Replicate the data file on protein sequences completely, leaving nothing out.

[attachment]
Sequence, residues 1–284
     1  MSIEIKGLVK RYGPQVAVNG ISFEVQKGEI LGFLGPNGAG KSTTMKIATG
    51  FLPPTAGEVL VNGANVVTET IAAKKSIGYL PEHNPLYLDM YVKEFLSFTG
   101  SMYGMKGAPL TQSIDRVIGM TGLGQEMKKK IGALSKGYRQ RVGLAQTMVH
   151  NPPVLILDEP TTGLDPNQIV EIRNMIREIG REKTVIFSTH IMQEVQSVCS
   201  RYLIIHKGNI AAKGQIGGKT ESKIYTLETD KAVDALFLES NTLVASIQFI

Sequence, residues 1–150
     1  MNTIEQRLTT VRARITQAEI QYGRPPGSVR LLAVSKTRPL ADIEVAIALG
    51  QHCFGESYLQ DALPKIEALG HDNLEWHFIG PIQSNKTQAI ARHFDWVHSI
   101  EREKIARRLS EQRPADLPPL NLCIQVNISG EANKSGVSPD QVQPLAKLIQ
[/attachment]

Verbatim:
Sequence, residues 1–284
     1  MSIEIKGLVK RYGPQVAVNG ISFEVQKGEI LGFLGPNGAG KSTTMKIATG
    51  FLPPTAGEVL VNGANVVTET IAAKKSIGYL PEHNPLYLDM YVKEFLSFTG
   101  SMYGMKGAPL TQSIDRVIGM TGLGQEMKKK IGALSKGYRQ RVGLAQTMVH
   151  NPPVLILDEP TTGLDPNQIV EIRNMIREIG REKTVIFSTH IMQEVQSVCS
   201  RYLIIHKGNI AAKGQIGGKT ESKIYTLETD KAVDALFLES NTLVASIQFI

Sequence, residues 1–150
     1  MNTIEQRLTT VRARITQAEI QYGRPPGSVR LLAVSKTRPL ADIEVAIALG
    51  QHCFGESYLQ DALPKIEALG HDNLEWHFIG PIQSNKTQAI ARHFDWVHSI
   101  EREKIARRLS EQRPADLPPL NLCIQVNISG EANKSGVSPD QVQPLAKLIQ